The follow elements are required for appendices in APA Style:

Appendix Labels:

Each appendix that you place in your paper is labelled “Appendix.” If a paper has more than one appendix, then label each with a capital letter in the order the appendices are referred to in your paper (“Appendix A” is referred to first, “Appendix B” is referred to second, etc).

  • The label of the appendix should be in bold font, centre-aligned, follow Title Casing, and is located at the top of the page.
  • If your appendix only contains one table or figure (and no text), then the appendix label takes the place of the table/figure number, e.g. the table may be referred to as “Appendix B” rather than “Table B1.”
Appendix Titles:

Each appendix should have a title, that describes its contents. Titles should be brief, clear, and explanatory.

  • The title of the appendix should be in bold font, centre-aligned, follow Title Casing, and is one double-spaced line down from the appendix label.
  • If your appendix only contains one table or figure (and no text), then the appendix title takes the place of the table/figure title. 
Appendix Contents:
  • Text:
    • Left aligned and indented; written the same as paragraphs within the body of the paper
    • Double-spaced and with the same font as the rest of the paper
  • Tables and Figures: 
    • If the appendix contains a table and/or figure, then the table/figure number must contain a letter to correlate the table and/or figure to the appendix and not the body of the paper, e.g. “Table A1” rather than “Table 1” to clarify that the table appears in the appendix and not in the body of the paper.
    • For tables and figures in an appendix with text: 
      • All tables and figures in an appendix must be mentioned in the appendix and numbered in order of mention. 
      • All tables and figures must be aligned to the left margin, (not center aligned), and positioned after a paragraph break, preferably the paragraph in which they are referred to, with a double-spaced blank line between the table and the text.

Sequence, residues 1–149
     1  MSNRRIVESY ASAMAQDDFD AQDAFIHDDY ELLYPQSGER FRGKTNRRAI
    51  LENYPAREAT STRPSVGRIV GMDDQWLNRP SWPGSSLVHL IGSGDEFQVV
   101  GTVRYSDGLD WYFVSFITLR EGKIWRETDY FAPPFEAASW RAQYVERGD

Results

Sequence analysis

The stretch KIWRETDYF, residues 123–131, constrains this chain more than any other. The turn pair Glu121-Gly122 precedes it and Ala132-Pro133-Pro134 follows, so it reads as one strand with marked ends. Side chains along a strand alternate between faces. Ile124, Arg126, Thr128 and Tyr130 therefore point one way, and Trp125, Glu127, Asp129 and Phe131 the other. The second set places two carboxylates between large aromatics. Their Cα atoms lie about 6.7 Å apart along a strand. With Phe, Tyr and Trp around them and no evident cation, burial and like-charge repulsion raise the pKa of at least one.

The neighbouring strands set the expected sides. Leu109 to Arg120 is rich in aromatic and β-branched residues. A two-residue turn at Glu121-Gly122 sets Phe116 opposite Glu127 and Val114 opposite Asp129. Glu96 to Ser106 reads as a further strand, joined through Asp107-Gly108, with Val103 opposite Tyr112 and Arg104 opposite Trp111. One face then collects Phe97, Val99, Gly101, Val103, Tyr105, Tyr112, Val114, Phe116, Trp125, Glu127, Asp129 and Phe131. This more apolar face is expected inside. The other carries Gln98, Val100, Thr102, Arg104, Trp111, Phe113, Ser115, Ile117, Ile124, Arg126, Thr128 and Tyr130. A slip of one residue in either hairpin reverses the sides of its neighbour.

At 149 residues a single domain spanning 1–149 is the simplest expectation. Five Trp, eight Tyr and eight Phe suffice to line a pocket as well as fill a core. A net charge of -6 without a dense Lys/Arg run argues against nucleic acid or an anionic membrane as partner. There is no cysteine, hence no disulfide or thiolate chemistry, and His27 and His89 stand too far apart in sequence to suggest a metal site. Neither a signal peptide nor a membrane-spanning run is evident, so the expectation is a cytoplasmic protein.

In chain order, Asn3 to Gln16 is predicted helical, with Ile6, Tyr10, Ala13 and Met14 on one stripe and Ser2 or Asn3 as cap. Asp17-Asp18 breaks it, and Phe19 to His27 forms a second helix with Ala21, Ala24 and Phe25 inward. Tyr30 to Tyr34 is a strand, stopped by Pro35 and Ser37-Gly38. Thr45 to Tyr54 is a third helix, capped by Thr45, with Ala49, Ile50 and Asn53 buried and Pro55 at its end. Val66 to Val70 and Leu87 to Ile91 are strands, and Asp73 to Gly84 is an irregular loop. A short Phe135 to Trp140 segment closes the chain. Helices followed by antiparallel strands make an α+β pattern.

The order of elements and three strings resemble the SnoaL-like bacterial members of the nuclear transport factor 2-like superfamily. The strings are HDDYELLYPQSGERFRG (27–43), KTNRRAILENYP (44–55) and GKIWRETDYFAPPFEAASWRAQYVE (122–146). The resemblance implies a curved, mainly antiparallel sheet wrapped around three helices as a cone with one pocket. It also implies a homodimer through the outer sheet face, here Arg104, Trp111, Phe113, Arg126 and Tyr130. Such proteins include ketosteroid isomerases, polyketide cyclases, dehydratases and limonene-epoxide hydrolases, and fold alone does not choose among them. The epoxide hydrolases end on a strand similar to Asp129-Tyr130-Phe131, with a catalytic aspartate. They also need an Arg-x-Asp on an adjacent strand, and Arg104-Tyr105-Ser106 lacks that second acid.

• Each table and figure should include a note afterwards to further explain the supplement or clarify information in the table or figure to your paper/appendix and can be general, specific, and probability. See “Table Notes” in the section “Table and Figures” above for more details.

Some common appendix tips:

Referring to Appendices in the Text:

In your paper, refer to every appendix that you have inserted. Do not include an appendix in your work that you do not clearly explain in relation to the ideas in your paper.

  • In general, only refer to the appendix by the label (“Appendix” or “Appendix A” etc.) and not the appendix title.
Reprinting or Adapting:

If you did not create the content in the appendix yourself, for instance if you found a figure on the internet, you must include a copyright attribution in a note below the figure. 

  • A copyright attribution is used instead of an in-text citation. 
  • Each work should also be listed in the reference list. 

Please see pages 390-391 in the Manual for example copyright attributions.

 

See Additional Resources for more.
The Overall Paper
Title Page - Student Paper

The following resources are available from the APA: 

Title Page - Professional Paper 
  • The JIBC APA Home tab (https://libguides.jibc.ca/apa) has more resources, including a Sample APA Style Professional Paper that demonstrates the APA Style Professional Title Page: TBA 

The following resources are available from the APA: 

Abstract

The following resources are available from the APA: 

Headings

The following resources are available from the APA: 

Quotations

The following resources are available from the APA:  

Tables & Figures
  • Tables & Figures Tip Sheet. - Coming Soon 

The following resources are available from the APA: 

References Page - Formatting
Appendix
  • Appendix Tip sheet. - Coming Soon

Feedback Survey

Thank you for using the JIBC Library's new APA 7th ed. Guide. It's the same great content, with a new look & feel.
We'd like to know more about your experience using the new APA Guide and invite you to take our quick feedback survey, available at: JIBC Library APA Guide Feedback.

Attribution

The JIBC APA 7th Edition - Formatting your Paper page was adapted with permission from the University of British Columbia's APA Citation Style Guide - Formatting Your Paper.